A heat is the format which competitive surfing is based around. Heats usually last 35 minutes and this is the time in which surfers compete against each other in the ocean.
The aim of a heat is to place the highest combined two-wave heat total by the end of those 35 minutes. This will place you above your competitors and push you through to the next round of surfing.
What is a surfing round?
Rounds are what make up a surfing competition. The competition begins with a Seeding Round of 12 Heats, three surfers in each heat. The surfer ranked first in this Round will be propelled through to the Round of 32, while the other two surfers will go in to an Elimination Round.
The Elimination Round is only four heats, three surfers per heat. The surfer who places last in this round will be eliminated from the event. The other two surfers will then go on to the Round of 32.
The Round of 32 is comprised of 16 man-on-man heats. The winner of each heat will move on to the next Round, and the loser of each heat will be eliminated from competition.
Next up is the Round of 16, which features eight man-on-man heats. Again, the winner will move through to the Quarterfinals and the loser will be eliminated.
From there, we move on to the Quarterfinals, Semifinals and eventually the Final Heat. These are all man-on-man heats, and the winner of the Final Heat is crowned the Event Champion.
This video from the WSL explains the new CT format concisely.
What is priority?
Priority is essentially who has the right-of-way in the water. If a set of waves comes, the surfer with priority will have their pick of the waves. The surfer without priority cannot interfere with what wave the surfer with priority chooses.
The surfer with priority also has the ability to stand up and surf on a wave that the other surfer has already taken, therefore forcing the surfer without priority to exit the wave.
In order to establish priority, one surfer must make it to the lineup before the other surfer. Once the surfer with priority takes a wave, the surfer left in the lineup will then have priority.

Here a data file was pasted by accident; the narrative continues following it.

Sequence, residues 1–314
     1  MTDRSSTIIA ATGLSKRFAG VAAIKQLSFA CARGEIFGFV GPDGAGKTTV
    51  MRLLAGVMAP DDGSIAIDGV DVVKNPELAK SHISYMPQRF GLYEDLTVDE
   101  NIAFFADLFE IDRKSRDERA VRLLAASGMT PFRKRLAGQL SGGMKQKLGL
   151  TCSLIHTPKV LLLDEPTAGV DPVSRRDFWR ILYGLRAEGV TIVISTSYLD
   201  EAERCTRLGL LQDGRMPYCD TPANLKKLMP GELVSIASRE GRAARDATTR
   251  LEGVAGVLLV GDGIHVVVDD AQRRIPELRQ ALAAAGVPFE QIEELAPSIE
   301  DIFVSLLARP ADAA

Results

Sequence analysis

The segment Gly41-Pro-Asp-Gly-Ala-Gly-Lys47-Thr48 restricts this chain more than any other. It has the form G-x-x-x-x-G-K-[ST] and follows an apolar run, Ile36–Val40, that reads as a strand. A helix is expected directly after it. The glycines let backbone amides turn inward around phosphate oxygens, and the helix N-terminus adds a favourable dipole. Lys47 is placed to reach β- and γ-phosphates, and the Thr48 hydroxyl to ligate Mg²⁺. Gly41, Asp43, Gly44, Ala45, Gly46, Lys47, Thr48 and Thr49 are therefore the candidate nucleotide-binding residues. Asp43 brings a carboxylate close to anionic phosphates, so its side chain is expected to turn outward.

What is an interference?
An interference is when a surfer without priority gets in the way of a surfer with priority. In most situations this is when a surfer without priority drops in on a surfer with priority, causing him to lose points, fall off the wave or be unable to complete the wave.
The surfer who causes the interference will be given a penalty, which means that their heat score will be calculated using only their best scoring wave.
Rip Curl Team Rider and WSL Commentator Rosy Hody
How does the judging work?
On the Championship Tour, a panel of five judges work on a 10-point scale when scoring waves.
For every scoring ride, the highest and lowest scores (of the five judges) are discounted and the surfer receives the average of the remaining three scores. There is no limit on the number of waves that will be scored, but the two best scoring waves (each out of a possible 10) are added together to become a surfer's heat total (out of a possible 20). The surfer with the highest combined two-wave heat total at the end of the heat will win that heat.
Judges analyse the following elements when scoring waves:
- Commitment and degree of difficulty
- Innovative and progressive manoeuvres
- Combination of major manoeuvres
- Variety of manoeuvres
- Speed, power and flow
The judging scale is as follows:
[0.0 — 1.9: Poor]
[2.0 — 3.9: Fair]
[4.0 — 5.9: Average]
[6.0 — 7.9: Good]
[8.0 — 10.0: Excellent]
How is a World Surfing Champion decided?
At the end of each event, surfers are awarded points based on where they placed in the event. The better they perform, the more points they get. For example, first place gets 10,000 points, second place gets 8,000 points, and down from there.
These points are added together to create the Championship Tour Rankings. At the end of the year, the male and female surfers with the highest ranking with become the World Surfing Champion.